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Two Groups Looking To Act On Recreational Pot Await Court Decision

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Supreme Court
South Dakota State Supreme Court

Two groups that want to regulate adult-use marijuana continue to wait for the South Dakota Supreme Court to rule on the law that legalizes recreational pot. 

That law was supposed to go into effect on July first but has been held up in the courts since late last year.  

A legislative subcommittee focused on writing recreational marijuana legislation has cancelled its upcoming meeting in early August. 

Republican Hugh Bartels is the chair of the subcommittee. He says the group could go down two different paths depending on the court ruling.  

“I think we need to move forward on it so that marijuana becomes a safe product for our residents,” Bartels says. “I think that’s the key to it. They’ve spoken that they really want recreational, or adult-use, marijuana in an election. So, we need to make sure we can make it as safe as possible for them. Getting it out of the black market is really the way to do that. So, we need to clean up our code and provide a safe mechanism to get it to the public.”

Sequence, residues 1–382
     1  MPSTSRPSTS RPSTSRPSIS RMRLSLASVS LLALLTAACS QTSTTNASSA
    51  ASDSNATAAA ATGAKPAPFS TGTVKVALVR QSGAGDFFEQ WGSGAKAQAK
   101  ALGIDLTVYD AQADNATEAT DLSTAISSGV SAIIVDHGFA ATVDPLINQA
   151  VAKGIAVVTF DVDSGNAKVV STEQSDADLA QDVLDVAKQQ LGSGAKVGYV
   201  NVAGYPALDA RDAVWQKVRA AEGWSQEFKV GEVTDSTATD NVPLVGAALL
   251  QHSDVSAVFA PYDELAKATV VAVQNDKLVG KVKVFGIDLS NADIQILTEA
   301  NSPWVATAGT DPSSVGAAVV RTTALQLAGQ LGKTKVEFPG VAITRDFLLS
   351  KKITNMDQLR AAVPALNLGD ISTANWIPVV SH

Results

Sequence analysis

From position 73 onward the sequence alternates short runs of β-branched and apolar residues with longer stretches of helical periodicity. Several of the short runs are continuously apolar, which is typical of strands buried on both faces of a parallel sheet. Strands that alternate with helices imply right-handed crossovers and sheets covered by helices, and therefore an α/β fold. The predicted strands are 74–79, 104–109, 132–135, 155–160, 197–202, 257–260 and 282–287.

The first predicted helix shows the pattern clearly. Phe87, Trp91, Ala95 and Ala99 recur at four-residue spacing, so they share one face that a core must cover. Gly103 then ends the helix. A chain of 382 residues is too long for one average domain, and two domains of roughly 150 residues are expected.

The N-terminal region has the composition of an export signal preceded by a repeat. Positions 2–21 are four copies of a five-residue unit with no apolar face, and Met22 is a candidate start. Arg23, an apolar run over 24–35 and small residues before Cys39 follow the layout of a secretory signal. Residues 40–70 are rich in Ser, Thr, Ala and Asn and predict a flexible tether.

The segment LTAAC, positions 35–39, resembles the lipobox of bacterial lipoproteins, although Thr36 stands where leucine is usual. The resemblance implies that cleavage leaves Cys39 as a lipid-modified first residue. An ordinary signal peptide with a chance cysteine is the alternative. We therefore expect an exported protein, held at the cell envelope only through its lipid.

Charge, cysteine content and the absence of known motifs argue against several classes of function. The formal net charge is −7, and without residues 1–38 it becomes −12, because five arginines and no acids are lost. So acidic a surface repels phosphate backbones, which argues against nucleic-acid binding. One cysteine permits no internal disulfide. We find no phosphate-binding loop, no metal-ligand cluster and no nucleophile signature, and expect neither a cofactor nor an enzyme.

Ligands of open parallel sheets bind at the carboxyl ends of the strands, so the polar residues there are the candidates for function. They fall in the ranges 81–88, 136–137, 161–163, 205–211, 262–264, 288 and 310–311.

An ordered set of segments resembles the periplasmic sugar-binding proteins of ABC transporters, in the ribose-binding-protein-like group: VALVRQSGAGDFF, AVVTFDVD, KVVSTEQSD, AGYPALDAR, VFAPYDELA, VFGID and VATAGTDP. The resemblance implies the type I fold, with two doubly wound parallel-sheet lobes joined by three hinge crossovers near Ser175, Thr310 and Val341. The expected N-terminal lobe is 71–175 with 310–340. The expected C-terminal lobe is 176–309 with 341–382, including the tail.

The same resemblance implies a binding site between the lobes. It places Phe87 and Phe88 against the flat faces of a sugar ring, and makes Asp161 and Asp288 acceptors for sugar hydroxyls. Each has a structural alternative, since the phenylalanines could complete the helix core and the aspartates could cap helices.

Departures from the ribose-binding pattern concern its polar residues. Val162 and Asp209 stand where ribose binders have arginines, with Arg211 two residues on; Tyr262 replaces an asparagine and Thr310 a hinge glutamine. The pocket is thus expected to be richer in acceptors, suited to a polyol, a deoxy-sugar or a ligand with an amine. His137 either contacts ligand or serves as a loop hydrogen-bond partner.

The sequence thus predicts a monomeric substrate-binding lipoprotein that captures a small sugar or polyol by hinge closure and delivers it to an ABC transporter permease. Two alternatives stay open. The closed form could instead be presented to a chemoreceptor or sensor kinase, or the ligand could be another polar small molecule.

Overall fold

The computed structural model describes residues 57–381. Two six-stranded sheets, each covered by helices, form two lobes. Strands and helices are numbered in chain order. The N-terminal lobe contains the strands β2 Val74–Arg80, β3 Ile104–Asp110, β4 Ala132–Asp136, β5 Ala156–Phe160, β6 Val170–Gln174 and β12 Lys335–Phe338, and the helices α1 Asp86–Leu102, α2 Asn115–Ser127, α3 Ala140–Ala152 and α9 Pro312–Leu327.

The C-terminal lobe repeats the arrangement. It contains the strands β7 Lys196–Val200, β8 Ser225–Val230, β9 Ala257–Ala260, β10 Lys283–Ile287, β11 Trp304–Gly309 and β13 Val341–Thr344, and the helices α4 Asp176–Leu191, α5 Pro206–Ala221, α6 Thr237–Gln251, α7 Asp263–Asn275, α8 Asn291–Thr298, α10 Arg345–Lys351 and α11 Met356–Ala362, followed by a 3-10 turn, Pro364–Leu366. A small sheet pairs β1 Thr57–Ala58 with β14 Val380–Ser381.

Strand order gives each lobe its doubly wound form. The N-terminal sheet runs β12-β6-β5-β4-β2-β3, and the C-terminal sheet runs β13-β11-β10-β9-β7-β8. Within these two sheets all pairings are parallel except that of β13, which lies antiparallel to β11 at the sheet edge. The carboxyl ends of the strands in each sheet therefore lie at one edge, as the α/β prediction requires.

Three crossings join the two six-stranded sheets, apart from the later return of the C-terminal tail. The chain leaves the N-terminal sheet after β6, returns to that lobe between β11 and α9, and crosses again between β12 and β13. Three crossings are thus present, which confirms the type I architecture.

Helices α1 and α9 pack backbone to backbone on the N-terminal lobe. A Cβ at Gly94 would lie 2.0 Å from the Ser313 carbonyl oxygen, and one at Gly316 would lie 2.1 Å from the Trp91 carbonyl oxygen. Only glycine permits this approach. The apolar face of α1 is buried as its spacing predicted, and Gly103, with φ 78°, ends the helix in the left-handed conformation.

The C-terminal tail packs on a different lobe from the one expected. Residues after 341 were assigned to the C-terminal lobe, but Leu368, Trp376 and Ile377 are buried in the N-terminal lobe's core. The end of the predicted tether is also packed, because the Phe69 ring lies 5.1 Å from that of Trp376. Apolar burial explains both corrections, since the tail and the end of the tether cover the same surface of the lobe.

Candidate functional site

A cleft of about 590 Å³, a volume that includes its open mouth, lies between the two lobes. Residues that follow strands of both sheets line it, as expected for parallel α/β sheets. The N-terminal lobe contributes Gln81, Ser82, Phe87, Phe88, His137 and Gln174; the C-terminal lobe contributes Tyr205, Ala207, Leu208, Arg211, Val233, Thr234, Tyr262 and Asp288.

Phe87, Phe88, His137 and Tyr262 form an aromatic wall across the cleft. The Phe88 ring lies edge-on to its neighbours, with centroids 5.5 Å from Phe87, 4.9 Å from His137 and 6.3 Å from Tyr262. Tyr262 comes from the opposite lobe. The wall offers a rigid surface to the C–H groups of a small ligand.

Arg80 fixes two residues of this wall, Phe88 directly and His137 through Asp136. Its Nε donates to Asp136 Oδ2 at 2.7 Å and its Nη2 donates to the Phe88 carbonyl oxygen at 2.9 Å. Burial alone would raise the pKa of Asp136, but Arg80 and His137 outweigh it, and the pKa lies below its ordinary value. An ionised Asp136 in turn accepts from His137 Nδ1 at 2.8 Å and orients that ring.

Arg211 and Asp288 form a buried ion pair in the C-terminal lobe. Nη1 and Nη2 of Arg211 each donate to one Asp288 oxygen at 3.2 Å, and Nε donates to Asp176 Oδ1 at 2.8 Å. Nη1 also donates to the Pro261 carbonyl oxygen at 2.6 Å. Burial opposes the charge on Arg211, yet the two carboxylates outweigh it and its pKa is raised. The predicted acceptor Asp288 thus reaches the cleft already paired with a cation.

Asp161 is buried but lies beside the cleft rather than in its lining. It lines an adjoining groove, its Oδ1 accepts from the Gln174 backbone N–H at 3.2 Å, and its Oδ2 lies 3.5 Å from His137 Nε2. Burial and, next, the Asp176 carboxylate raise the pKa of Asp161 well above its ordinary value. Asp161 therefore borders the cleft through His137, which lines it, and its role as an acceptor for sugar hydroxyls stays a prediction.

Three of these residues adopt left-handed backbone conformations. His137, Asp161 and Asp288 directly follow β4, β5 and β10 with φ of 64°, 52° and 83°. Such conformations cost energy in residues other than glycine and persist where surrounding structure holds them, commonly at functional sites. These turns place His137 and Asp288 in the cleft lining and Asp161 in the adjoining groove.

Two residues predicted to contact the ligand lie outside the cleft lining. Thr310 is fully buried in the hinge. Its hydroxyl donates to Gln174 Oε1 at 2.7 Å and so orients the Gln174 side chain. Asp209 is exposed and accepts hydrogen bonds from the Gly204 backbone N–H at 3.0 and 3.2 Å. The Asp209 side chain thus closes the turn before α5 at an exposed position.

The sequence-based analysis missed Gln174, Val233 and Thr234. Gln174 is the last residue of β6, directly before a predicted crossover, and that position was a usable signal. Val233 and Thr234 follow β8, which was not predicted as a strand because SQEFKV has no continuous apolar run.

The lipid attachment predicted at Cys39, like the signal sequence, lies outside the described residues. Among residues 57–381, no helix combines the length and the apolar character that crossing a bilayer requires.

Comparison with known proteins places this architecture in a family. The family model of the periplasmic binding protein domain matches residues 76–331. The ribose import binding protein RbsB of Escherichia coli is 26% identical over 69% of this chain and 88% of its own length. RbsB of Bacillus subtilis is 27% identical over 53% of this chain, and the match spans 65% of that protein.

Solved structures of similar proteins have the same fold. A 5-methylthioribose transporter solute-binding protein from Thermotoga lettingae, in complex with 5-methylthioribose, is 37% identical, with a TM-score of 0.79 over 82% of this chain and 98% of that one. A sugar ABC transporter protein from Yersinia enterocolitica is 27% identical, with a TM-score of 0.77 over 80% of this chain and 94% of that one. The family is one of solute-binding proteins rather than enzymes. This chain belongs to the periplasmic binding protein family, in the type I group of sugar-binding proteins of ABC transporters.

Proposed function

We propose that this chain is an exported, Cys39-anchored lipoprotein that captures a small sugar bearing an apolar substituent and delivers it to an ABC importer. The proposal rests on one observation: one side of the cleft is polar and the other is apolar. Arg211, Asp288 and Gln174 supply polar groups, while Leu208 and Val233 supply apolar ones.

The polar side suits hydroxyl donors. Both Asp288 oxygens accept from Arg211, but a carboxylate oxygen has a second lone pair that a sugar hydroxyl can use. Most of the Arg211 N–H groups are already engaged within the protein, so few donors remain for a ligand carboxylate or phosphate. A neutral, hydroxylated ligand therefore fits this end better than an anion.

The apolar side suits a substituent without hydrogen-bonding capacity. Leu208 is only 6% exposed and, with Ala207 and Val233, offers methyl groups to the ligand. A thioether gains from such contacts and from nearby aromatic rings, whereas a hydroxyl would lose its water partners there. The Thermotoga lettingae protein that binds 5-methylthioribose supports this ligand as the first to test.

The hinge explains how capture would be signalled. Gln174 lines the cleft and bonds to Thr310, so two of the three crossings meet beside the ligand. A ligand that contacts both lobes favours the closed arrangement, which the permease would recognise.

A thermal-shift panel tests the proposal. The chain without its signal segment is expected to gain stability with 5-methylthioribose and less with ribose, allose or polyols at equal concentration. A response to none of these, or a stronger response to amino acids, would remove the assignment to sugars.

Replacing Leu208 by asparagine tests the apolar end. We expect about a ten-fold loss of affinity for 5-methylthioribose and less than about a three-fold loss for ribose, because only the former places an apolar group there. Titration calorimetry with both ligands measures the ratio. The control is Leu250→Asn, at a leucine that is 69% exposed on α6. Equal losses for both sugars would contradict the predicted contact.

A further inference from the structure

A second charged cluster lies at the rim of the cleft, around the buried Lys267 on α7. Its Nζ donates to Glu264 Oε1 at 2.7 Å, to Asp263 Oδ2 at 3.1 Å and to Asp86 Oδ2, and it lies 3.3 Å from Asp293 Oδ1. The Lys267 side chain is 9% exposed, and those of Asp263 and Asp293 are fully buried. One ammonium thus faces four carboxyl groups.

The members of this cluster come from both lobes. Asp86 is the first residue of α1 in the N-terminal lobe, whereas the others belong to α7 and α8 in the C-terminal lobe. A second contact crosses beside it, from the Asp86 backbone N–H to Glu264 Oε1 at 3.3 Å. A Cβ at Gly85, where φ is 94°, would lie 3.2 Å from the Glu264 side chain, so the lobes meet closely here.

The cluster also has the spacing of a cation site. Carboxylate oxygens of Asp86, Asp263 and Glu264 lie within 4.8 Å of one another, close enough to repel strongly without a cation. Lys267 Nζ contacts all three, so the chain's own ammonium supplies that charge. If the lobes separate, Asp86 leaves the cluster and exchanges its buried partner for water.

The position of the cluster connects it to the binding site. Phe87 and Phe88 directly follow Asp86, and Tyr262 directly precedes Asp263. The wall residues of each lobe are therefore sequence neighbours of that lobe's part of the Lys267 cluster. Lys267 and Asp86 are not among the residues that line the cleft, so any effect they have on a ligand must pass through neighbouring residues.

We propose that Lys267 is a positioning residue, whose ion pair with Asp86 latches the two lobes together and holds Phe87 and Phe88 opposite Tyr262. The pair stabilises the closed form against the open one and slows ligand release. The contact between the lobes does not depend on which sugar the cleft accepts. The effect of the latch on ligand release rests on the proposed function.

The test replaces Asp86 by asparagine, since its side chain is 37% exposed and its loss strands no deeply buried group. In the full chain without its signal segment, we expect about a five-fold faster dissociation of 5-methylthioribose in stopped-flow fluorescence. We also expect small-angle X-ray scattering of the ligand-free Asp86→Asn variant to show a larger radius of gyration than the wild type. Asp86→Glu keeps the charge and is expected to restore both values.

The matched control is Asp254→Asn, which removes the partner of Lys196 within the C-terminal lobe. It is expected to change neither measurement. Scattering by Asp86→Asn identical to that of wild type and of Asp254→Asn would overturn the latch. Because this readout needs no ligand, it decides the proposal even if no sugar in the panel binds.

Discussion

Bartels says that’s important in the event marijuana is decriminalized at the federal level. U.S. Senate Majority Leader Chuck Schumer has announced draft legislation that allows states to choose whether to legalize the drug. 

“If South Dakota can do it the Senate should be able to do it,” Schumer says. 

President Joe Biden does not support the measure. 

Even if the South Dakota legislative subcommittee drafts a bill providing the details needed to legalize cannabis, its path through the state legislature is uncertain. Because of that, the group that originally backed the two marijuana laws that were passed last November has four draft ballot questions ready to circulate. 

Matthew Schweich is the deputy director for the Marijuana Policy Project, which works with South Dakotans for Better Marijuana Laws. He says they’re filing those initiatives in case the state Supreme Court considers Amendment A unconstitutional.  

“If that’s the case we want the option of going back to the ballot next year,” Schweich says. “The reason we filed four different cannabis legalization initiatives is to accommodate different potential rulings from the court. The details of that ruling could dictate the type of initiative we’re able to move forward with.” 

Schweich says they’re also filing a petition to remove the rule that could declare marijuana legalization unconstitutional. In 2018 a provision was added to the state constitution that says a constitutional amendment can only have address one subject. Opponents of Amendment A say it violates that rule, which is getting its first test in the courts.